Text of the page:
Dairy-Free Eggnog

DF GF

A healthier take on festive holiday eggnog, this clean eating dairy-free eggnog uses almond and coconut milk, egg whites and pure maple syrup. It’s lighter in calories and dairy-free but still just as delicious as real deal nog. This post is sponsored by Pete and Gerry’s Organic Eggs.

Eggnog is one of those things people tend to absolutely love or hate. I didn’t grow up drinking eggnog as a holiday tradition, but Isaac likes it so he introduced me to it a few years ago. As I’m typing this I’m realizing that it’s kind of funny that my Jewish husband is the one who introduced ME to eggnog.

Eggnog in a glass with a cinnamon stick and topped with grated nutmeg.

Anyhow, once I tried eggnog I realized that while I adore the taste of it, I’m not so fond of its heaviness. Plus, there are a ton of ingredients in the packaged stuff that aren’t so EBF-friendly. Heavy cream, corn syrup, thickening agents and preservatives to name a few.

With that in mind I was inspired to create a lightened-up, clean eating eggnog recipe that’s dairy-free, but still rich, thick and loaded with festive holiday spices. I ended up with a delicious creamy beverage that I’d be happy to drink all December long.

BTW, I have a ton more dairy-free recipes if you’re looking!

Healthy eggnog in glassed with nutmeg sprinkled on top. Mini Christmas trees and sticks of cinnamon sticks are in the background.

Egg Whites vs. Egg Yolks

I’m excited to be teaming up with Pete and Gerry’s for this recipe. Not only do I love that their eggs are organic, free-range and certified humane, but I like the fact that they offer cartoned egg whites, something I find myself buying often – particularly for egg white oats.

I’m fully aware that eating the yolk is healthy, but I often use egg whites to boost the protein content in a meal without adding any extra fat. Cartoned liquid egg whites make this super easy and I like that I’m not wasting a bunch of egg yolks.

Liquid egg whites are pasteurized so they’re a great option to use in eggnog if you’re worried about the risk of consuming raw eggs. With that being said, there’s no need to worry because this version is cooked over medium heat before being chilled and served.

A holiday table spread with glasses of eggnog garnished with cinnamon sticks and grated nutmeg. Organic eggs cinnamon sticks, mini Christmas trees, and nutmeg cloves are on the table.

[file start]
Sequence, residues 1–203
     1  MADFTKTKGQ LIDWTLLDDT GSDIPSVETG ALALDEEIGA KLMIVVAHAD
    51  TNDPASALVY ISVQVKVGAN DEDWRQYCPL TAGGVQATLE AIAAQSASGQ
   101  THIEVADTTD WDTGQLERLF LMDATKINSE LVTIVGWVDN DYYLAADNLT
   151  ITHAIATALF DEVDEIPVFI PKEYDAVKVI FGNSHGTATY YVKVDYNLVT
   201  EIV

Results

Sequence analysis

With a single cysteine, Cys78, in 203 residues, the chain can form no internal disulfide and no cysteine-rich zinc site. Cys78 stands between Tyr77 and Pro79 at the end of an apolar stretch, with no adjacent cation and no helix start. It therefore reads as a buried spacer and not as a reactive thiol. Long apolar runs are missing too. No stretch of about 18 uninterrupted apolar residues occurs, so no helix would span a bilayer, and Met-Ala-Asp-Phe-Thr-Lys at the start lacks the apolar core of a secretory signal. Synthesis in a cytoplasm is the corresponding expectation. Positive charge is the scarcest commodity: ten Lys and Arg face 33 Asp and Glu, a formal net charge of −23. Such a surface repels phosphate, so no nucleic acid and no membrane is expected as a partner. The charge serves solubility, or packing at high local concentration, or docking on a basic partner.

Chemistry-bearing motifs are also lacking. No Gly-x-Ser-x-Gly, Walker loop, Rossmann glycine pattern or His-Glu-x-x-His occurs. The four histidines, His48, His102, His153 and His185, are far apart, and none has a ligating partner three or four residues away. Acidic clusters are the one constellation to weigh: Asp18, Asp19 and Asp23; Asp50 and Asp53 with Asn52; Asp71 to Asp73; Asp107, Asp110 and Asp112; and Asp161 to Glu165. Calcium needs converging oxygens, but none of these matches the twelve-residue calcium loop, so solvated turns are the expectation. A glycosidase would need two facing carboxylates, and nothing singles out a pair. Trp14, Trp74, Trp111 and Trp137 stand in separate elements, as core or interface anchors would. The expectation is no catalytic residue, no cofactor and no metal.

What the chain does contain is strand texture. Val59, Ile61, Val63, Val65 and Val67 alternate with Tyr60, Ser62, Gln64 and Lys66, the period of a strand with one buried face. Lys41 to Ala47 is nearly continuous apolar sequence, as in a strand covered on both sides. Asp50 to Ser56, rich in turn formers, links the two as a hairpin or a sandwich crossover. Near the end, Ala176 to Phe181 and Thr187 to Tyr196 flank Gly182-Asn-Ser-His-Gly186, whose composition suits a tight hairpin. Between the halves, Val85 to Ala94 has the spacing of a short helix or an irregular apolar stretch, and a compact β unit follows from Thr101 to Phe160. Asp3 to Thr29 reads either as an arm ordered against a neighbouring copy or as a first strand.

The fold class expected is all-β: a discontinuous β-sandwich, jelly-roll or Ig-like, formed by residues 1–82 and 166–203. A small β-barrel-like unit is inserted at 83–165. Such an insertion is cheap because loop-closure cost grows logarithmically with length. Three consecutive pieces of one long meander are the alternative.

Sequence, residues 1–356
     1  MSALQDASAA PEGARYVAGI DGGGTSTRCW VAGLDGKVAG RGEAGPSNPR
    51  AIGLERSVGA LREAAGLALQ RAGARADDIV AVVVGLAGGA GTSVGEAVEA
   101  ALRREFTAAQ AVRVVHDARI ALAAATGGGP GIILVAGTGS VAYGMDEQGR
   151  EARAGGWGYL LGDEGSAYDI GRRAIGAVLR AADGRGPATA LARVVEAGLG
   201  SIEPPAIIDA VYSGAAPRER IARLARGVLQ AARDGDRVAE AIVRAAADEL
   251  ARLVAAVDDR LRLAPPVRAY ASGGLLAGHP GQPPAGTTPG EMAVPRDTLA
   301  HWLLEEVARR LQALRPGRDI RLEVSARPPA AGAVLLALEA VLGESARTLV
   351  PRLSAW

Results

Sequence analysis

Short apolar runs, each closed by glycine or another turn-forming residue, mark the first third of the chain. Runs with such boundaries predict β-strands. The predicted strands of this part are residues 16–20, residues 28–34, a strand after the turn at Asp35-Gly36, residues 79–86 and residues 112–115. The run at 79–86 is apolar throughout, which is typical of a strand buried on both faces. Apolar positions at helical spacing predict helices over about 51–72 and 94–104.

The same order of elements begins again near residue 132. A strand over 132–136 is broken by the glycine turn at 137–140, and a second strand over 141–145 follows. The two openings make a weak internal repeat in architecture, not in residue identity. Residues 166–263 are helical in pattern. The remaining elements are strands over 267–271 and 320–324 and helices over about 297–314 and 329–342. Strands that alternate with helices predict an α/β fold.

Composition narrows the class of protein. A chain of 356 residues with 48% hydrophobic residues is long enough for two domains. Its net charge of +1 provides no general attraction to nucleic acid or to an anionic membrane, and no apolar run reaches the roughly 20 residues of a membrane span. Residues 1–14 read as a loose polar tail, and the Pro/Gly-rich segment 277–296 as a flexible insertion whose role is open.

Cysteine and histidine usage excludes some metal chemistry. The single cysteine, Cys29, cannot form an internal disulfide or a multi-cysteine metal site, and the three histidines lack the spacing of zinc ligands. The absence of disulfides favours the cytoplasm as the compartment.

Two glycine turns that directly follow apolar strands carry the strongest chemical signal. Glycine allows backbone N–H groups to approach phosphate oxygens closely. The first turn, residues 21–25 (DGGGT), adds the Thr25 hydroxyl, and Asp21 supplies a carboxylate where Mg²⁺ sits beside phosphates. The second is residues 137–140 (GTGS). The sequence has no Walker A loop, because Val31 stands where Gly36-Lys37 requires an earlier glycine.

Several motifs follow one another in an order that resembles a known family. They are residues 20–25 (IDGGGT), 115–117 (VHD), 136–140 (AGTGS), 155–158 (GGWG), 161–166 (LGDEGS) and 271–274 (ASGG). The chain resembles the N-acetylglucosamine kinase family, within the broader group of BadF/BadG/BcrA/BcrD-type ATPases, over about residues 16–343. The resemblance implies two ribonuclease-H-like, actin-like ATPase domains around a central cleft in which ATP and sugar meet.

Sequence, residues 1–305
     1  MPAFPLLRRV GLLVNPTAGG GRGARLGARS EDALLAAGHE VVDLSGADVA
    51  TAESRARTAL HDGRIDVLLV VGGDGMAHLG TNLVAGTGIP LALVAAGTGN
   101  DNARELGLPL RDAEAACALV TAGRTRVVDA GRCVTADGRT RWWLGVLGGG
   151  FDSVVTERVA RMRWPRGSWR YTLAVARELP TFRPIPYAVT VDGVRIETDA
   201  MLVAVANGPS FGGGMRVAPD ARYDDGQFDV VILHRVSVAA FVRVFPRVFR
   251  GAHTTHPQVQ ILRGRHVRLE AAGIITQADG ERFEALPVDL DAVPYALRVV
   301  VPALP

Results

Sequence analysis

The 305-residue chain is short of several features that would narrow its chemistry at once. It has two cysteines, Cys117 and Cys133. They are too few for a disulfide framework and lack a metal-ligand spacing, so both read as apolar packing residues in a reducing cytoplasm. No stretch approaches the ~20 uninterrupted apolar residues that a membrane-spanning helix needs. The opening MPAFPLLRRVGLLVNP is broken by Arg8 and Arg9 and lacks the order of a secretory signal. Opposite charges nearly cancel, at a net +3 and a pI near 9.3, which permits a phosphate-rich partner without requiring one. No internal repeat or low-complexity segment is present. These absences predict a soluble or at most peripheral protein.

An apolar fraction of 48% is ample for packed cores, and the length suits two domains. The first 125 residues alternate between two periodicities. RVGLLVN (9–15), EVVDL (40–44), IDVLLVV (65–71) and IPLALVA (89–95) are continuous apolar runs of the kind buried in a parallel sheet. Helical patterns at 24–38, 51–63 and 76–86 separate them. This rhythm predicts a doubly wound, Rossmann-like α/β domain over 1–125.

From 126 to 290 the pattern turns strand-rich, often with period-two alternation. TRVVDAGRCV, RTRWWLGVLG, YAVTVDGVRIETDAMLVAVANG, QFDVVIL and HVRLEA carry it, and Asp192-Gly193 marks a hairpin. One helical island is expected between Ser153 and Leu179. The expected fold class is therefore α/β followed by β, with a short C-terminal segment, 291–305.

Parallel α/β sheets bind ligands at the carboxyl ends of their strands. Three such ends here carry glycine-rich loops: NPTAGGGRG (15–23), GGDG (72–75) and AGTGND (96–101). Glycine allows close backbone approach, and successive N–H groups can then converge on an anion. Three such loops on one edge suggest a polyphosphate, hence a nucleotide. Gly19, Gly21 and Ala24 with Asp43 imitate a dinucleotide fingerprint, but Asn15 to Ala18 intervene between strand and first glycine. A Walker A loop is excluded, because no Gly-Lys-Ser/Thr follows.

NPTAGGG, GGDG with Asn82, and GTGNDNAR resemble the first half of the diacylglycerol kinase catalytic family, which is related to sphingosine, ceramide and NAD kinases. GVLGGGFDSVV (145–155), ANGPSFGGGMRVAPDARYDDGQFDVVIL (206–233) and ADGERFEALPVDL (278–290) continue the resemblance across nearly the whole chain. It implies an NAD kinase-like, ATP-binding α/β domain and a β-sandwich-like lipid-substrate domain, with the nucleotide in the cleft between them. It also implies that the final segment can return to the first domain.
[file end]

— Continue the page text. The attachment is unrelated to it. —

Lightened up Eggnog

To keep this eggnog light I choose to use a blend of almond and coconut milk, egg whites and pure maple syrup. No heavy cream or refined sugar here!

I really like the light and sweet flavor that the maple syrup adds, but feel free to experiment with your favorite sweetener. I have a feeling that honey would work really well. You could also try a sugar-free version with stevia. The texture might change a little bit, but I think the eggnog would still taste great.

Carton of Pete & Gerry's organic egg whites next to two glasses of clean eating eggnog. Cinnamon and nutmeg in on the table.

Ingredients Needed For Eggnog:

  • almond milk – I used unsweetened vanilla. You can also make your own almond milk!
  • coconut milk – either light or regular will work, whatever your preference.
  • egg whites – as mentioned above, I’m using egg whites from Pete & Gerry’s but you can definitely just separate eggs. You’ll need about 3 eggs to get 1/3 cup of egg whites. Save the egg yolks for another recipe!
  • maple syrup – my favorite natural sweetener, you can use your favorite liquid sweetener of choice.
  • vanilla – a flavor enhancer.
  • cinnamon, ground nutmeg and ground clove – the perfect spice blend!
  • rum or whiskey – totally optional!

How to Serve Eggnog

Eggnog can be served warm or chilled over ice with a pinch of cinnamon or nutmeg on top. It’s a delicious drink to enjoy during the holiday season, with or without a splash of alcohol. One batch makes at least four drinks so it’s perfect for parties too!

Two glasses of clean eating eggnog garnished with cinnamon sticks and nutmeg. Mini Christmas trees are next to the glasses.

Why Does Eggnog Curdle?